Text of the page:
In contrast, we are suddenly thrown into Arun’s life where he is staying with an american family during the summer break.  he is quiet and not exactly likeable.  the family are dysfunctional and he doesn’t really enjoy being there.  everything is based around food – the father who BBQs everything, the mother who decides to be a vegetarian with Arun, the health freak son and the bulimic daughter.  It was all very odd.

I couldn’t care less what happened to Arun, there was hardly any reference to his family back in India and there was absolutely no resolution to Uma’s story which had been far more enjoyable and which I had really bought into!

I would really recommend reading the first part of this book, but would suggest people didn’t bother with the second!

Why it was shortlisted for the 1999 Booker Prize is beyond me.

book group whore

Typical book group? There's no beardy-weirdies at the library one!

I’m feeling slightly slutty.

Tonight, I will be seeing another Book Club for the first time – behind my Reading Group’s back.

I am a little nervous, as this is ‘stranger danger’ as I will be meeting new people, and although according to Twitalyzer I am a ‘Social Butterfly’, meeting new people does always give me a case of the bowel cramps, so to speak.

I am really enjoying being part of the Walthamstow Library Reading Group – and I went along to our meeting on Tuesday and we had a brilliant discussion about That Old Ace In The Hole and I picked up my copy of our next book, which is Fasting, Feasting by Anita Desai (which I had never heard of).

However, before I had gone along to my first Reading Group meeting, I had in fact contacted someone from a group that meet at The Nags head in Walthamstow Village – but they break for the summer, and tonight was the first meeting they have had since.

So, I have convinced my friend to come along with me, and we have both read the book (luckily it was a very thin book – but also a very weird one…Andrew Kaufman’s ‘All My Friends Are Superheroes’ – I will review it later).  I am just crossing my fingers that a) other people actually turn up and b) that they’re lovely.

Is it wrong to belong to two groups?

talking in the library 2

The Famished Road

On Tuesday, I went back tot he Reading Group at Walthamstow Library.  I felt a bit bad as I hadn’t managed to finish the book – The Famished Road by Ben Okri.

I don’t often give up on books, but I had got through 40% of it and i’d been pushing myself to read it for about half of that.

I wasn’t the only one to not finish reading it – in fact only one person had read it all the way through and she’d rerally enjoyed it.  I think I was the only one who was so negative about it.  There was too much about the book thast I just didn’t ‘get’.

It won the Booker prize in 1991, and definitely comes in the category of most ‘prize-winning’ books I’ve read, which is that they feel all a bit too ‘worthy’.  A bit like any film that Steven Spielberg has made in the past 12 years – it feels all style over substance and only made with winning in mind.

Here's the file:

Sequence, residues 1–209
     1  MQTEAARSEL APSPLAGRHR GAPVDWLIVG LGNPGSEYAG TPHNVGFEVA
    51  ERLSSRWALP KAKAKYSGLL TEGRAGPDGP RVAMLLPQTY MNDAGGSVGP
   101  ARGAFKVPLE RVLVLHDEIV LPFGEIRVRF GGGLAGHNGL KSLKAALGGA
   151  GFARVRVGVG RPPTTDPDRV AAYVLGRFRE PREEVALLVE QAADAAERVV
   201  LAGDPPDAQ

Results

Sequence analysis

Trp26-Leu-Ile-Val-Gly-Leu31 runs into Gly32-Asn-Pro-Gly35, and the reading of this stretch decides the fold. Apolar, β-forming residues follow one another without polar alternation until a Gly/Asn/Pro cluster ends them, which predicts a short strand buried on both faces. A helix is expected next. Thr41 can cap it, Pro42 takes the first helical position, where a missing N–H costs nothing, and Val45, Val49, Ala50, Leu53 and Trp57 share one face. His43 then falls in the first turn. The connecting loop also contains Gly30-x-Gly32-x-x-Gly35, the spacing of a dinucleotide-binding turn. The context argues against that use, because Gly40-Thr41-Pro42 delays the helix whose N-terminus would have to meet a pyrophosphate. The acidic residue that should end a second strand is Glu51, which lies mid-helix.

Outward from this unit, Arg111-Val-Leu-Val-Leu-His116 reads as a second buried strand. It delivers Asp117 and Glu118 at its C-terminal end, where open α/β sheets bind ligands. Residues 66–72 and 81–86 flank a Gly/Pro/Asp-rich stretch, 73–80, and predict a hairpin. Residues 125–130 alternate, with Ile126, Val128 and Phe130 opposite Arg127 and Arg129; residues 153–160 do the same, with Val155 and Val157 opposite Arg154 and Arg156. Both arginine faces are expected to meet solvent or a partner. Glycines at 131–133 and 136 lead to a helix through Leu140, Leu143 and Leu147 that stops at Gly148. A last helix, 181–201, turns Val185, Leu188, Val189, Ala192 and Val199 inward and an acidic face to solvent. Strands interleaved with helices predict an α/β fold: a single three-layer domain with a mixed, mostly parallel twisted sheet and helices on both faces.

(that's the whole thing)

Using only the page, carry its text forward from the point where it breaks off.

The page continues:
It is set in Nigeria and based around Azaro who is a ‘spirit-child’.  He was a spirit before he was born, and during the story, I think he was about 7-9, and he sees beings from the spirit world in this world.  He lives in a shack in a compound with his parents.  His mother goes to the market to peddle her wares from a basket she carries on her head, and his father breaks his back long hours every day working in the city as a loader.

There are many political rumblings, with the Party for the Rich and the Party for the Poor both being as corrupt as each other and trying to bribe the people of the compound.

There is also a LOT of violence, drunkenness and poverty, as you would expect in the setting.

But what lost the power of the story for m was the fact that I could never tell when his experiences were real, or when they were in the spirit world.  There were customers at Madam Koto’s bar where he spent a lot fo time, who were all spirits, but then they kidnapped him, and he was bundled in a sack and dumped int he river, and he really did have to walk home with his feet getting all cut as he had no shoes, thus getting a beating from his father.  If the spirits weren’t of this world, then how did they bundle him in the sack?   That wasn’t the only time that I got confused as to who could see what etc etc – Madam Koto seemed to have an agenda of her own, and often hinted that she knew of the spirits, but (apparently) this is never really explored within the book.

I found it very frustrating.  Nothing much happened either, and I finally realised that I hadn’t bought in to the characters at all when his mother was very ill and on the verge of death, and I couldn’t care less what happened to her.  That was really when I decided I should give up and just put the book away.

I wouldn’t recommend this book at all – but I did find it interesting how all of us found it so different.